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German Pretzels (Bretzeln) [moved from Int'l board]

Why is it impossible to duplicate the crisp golden texture of a German Soft Pretzel, and suggestions? I was told that it is a certain type of acid dip that the dough is placed in before baking...I have tried Baking Soda/water wash that is common in the states..have also tried the old egg wash routine..same boring results...HELP !!! Can't afford to travel for the Mueller experience at this time

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  1. I can't help you, but your internet search might go better if you type in "bretzeln" not "bretzen." Good luck.

    1 Reply
    1. re: aelph

      Sorry my mistake, but I also see it come up under both spellings, thanks...Correct it doesn't solve my problem

    2. There is a bakery, Rockenwanger in Culver City, CA that makes excellent and authentic Bretzeln. I actually favor Laugenstange covered in seeds. For a very short time when it first opened, the Corner Bakery at Union Station in DC made excellent Laugenstange, now they are a waste of time for most anything. Here are two recipes for Laugen (in German)


      If I'm not mistaken, Laugen is the type of dough. Breze is the shape. Bretzlen is a diminutive of Breze. I once had a Reisenbreze at the Plaerrerfest in Augsburg. It was large, which was great for budget eating.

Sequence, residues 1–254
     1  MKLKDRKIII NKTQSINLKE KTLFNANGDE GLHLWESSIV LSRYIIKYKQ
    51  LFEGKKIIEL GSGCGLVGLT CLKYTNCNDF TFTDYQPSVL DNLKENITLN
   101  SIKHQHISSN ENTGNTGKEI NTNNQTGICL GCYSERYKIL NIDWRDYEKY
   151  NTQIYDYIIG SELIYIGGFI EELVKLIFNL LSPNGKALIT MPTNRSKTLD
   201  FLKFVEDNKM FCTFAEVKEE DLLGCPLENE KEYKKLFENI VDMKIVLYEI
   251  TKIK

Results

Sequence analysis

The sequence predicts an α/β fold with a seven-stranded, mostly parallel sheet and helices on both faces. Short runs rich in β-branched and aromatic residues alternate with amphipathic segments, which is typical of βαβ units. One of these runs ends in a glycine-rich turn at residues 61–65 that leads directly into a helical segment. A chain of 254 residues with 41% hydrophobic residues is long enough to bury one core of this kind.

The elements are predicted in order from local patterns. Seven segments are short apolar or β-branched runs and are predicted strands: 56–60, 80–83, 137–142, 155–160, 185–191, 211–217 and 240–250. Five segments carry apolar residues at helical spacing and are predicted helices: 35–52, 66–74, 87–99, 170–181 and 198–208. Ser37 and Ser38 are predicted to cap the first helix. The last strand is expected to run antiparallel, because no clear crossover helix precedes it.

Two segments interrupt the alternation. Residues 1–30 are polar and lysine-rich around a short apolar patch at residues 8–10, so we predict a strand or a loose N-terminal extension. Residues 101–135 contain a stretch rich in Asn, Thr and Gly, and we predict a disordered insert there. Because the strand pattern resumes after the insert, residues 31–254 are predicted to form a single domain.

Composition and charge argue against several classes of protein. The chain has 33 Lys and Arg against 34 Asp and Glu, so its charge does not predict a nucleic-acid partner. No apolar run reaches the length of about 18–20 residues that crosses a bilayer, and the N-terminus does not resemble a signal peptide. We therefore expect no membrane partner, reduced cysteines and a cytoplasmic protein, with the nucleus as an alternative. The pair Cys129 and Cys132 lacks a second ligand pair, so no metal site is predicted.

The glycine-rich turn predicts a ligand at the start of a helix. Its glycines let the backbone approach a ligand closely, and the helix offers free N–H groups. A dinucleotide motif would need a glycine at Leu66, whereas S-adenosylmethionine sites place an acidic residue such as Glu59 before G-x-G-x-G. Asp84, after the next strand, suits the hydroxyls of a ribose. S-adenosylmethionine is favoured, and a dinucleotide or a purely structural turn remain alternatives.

1. Thank You Chew...now I need to learn to read German so I can figure out if these recipes tell me how to get that crisp coating. PROST !

        1. ok, now that i have found that it is Natrium Hydroxide that is the acid that makes the crisp coating, Na the atomic symbol which is also latin for "Sodium"..Is there a place (possibly a drug store) where I can purchase Sodium Hydroxide for this purpose. It is my understanding that I would only need approx. 15g to 30g per batch of 8 or so. The mixture of Sodium Hydroxide is approx. 3 to 4% for this purpose. Any further info would be appreciated.

          4 Replies
          1. re: Jimbosox04

            Perhaps you can use a potassium carbonate and sodium bicarbonate solution sold in Chinese food markets. It's also known as lye water. See picture in article link:


            I'm assuming you should dilute the solution before using it for your German pretzels. Good luck!